All large companies in the UK have been rushing to report their gender pay gap by an April 5 deadline, when new rules came into force to tackle the stubborn gap between the salaries of men and women.
Motherhood is a key reason why this gender pay gap persists. Many women leave the labour market or move into part-time jobs after giving birth, which has a knock-on effect on their pay. This is partly due to conservative views regarding the division of labour in the UK, where most mothers take on the bulk of childcare and housework. Even when mothers choose to maintain their careers after childbirth, there can be an inherent bias towards them due to societal perceptions that they will prioritise their family over their work.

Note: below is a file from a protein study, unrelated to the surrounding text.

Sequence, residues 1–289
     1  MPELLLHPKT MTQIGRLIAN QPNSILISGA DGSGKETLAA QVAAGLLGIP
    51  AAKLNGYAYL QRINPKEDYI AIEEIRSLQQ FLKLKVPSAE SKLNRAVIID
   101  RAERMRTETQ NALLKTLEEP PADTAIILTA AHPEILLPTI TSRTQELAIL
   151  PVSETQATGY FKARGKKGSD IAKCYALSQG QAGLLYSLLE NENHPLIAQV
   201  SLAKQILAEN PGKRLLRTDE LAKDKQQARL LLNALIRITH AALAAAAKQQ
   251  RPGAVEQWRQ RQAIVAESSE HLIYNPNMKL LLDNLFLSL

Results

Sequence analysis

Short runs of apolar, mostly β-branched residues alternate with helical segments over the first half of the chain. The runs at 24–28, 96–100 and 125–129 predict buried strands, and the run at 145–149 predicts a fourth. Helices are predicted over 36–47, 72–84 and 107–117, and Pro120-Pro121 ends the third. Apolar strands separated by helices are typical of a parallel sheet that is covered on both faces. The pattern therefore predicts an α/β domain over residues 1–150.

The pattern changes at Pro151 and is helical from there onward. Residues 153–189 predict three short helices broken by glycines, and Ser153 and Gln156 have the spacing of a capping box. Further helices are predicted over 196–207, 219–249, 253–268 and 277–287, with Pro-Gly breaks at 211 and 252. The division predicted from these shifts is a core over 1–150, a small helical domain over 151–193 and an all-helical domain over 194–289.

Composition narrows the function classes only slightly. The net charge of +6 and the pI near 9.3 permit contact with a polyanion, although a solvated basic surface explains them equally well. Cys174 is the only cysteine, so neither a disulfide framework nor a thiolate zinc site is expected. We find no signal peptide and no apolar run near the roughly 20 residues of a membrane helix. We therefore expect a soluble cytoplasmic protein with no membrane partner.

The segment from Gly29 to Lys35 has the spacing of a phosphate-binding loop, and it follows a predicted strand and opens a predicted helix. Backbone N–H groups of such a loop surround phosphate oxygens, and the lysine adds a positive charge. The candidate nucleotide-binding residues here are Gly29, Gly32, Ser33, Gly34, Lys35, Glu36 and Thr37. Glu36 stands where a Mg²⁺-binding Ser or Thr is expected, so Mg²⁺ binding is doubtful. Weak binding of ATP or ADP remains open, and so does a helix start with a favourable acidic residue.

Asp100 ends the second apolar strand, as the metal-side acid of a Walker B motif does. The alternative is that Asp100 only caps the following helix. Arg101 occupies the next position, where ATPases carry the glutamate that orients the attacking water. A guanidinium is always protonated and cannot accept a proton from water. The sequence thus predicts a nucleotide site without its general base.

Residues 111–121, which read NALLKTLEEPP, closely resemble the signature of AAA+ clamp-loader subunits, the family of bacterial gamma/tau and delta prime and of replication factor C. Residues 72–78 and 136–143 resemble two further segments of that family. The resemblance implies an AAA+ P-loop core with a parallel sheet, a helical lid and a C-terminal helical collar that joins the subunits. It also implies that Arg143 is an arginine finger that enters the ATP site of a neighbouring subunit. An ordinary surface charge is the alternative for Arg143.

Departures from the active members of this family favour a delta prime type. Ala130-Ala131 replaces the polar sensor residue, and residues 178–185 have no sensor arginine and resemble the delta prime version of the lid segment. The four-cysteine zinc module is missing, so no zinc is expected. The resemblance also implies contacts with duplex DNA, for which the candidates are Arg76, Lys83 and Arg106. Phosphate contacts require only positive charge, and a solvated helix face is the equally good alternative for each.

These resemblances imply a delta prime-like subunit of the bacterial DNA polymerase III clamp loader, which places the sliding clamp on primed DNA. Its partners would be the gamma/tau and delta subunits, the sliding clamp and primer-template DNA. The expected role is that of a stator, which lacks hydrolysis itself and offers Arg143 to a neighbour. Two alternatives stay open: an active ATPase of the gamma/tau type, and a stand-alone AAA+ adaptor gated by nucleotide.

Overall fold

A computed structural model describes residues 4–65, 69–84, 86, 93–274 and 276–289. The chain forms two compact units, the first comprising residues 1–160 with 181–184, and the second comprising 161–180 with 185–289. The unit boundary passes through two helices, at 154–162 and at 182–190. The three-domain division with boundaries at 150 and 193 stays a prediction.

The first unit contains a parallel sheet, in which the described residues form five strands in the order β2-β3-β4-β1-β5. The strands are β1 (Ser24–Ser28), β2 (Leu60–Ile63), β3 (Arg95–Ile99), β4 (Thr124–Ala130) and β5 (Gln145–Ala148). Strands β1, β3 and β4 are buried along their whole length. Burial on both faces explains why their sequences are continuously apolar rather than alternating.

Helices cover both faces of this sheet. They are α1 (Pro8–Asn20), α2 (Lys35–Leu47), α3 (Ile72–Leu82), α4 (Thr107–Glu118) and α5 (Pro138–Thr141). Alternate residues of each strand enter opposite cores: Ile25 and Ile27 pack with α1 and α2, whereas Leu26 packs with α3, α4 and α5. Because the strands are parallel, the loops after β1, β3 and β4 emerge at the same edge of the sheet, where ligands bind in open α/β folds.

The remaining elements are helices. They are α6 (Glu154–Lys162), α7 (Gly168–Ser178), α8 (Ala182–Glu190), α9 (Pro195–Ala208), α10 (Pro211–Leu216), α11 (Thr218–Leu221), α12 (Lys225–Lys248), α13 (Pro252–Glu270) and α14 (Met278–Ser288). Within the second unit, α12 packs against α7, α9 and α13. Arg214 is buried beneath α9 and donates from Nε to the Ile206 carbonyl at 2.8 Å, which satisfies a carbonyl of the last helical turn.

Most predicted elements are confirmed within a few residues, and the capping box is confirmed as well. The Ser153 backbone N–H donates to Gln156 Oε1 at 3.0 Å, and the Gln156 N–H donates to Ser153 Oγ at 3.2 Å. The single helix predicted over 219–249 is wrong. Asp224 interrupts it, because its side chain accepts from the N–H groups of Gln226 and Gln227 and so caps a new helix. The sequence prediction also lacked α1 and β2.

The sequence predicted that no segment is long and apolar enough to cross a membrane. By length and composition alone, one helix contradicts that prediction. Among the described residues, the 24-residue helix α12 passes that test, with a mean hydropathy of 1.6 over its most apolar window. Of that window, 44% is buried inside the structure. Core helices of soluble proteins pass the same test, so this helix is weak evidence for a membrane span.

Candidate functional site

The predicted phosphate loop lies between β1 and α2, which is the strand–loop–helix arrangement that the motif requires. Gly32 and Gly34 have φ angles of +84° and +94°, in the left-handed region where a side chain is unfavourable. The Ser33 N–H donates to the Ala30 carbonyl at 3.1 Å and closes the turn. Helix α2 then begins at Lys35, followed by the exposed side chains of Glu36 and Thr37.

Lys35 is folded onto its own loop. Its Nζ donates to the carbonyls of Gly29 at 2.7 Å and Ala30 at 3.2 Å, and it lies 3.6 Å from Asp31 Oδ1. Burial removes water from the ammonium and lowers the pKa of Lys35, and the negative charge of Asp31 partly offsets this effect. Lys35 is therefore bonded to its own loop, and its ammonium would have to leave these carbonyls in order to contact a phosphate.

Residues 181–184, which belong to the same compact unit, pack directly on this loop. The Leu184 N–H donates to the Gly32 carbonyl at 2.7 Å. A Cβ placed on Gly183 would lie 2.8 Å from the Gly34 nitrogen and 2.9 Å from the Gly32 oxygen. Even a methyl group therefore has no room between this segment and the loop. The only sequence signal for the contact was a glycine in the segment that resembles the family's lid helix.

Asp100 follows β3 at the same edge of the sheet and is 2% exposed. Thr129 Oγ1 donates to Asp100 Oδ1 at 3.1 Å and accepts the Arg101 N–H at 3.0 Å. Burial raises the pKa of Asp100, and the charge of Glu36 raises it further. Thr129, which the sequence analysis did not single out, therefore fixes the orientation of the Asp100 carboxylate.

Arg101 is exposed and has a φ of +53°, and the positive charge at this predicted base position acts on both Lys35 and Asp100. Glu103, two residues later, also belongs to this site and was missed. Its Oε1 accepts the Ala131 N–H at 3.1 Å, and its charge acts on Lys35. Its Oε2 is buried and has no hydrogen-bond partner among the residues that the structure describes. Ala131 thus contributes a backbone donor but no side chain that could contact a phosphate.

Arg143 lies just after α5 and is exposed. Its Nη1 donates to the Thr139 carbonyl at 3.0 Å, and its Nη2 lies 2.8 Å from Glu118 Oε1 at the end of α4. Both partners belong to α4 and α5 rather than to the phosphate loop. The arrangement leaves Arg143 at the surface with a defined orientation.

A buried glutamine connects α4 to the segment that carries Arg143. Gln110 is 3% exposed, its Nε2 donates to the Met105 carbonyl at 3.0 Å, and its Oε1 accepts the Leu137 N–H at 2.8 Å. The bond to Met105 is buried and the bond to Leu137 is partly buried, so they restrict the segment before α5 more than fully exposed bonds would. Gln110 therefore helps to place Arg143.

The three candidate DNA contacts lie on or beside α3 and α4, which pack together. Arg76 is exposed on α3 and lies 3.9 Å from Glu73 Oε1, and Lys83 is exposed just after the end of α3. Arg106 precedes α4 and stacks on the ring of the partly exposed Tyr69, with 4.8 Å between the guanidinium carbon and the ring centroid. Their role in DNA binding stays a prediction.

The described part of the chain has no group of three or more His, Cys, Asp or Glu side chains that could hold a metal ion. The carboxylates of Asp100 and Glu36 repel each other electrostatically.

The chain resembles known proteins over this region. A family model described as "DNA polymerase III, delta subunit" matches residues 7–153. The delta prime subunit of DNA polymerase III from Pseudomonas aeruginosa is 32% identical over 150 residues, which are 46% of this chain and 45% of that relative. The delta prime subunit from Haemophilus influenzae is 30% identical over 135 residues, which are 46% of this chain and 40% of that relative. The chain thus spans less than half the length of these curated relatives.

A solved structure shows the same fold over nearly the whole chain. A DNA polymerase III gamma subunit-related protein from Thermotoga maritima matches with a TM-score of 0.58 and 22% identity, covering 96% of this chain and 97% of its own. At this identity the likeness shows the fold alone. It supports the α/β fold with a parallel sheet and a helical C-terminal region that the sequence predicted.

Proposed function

The best way to solve this problem is to ensure that fathers, or partners, are made to take on as much of a role in childcare as mothers. One way to do this is to give them the opportunity to spend time with their new-born babies, as well as to provide them with the opportunity to be more hands on later in the child’s life.
The recent BBC report on the pay of its top earners laid bare the disparities between men and women’s earnings. But it should come as no surprise. The gender pay gap has been stubbornly stagnant over the past decade. According to the EU (which calculates the gap based on hourly pay differences between men and women), men earn around 20% more. And the UK’s official statistics group, which calculates the pay gap of full-time earnings, men earn an average of about 10% more than women.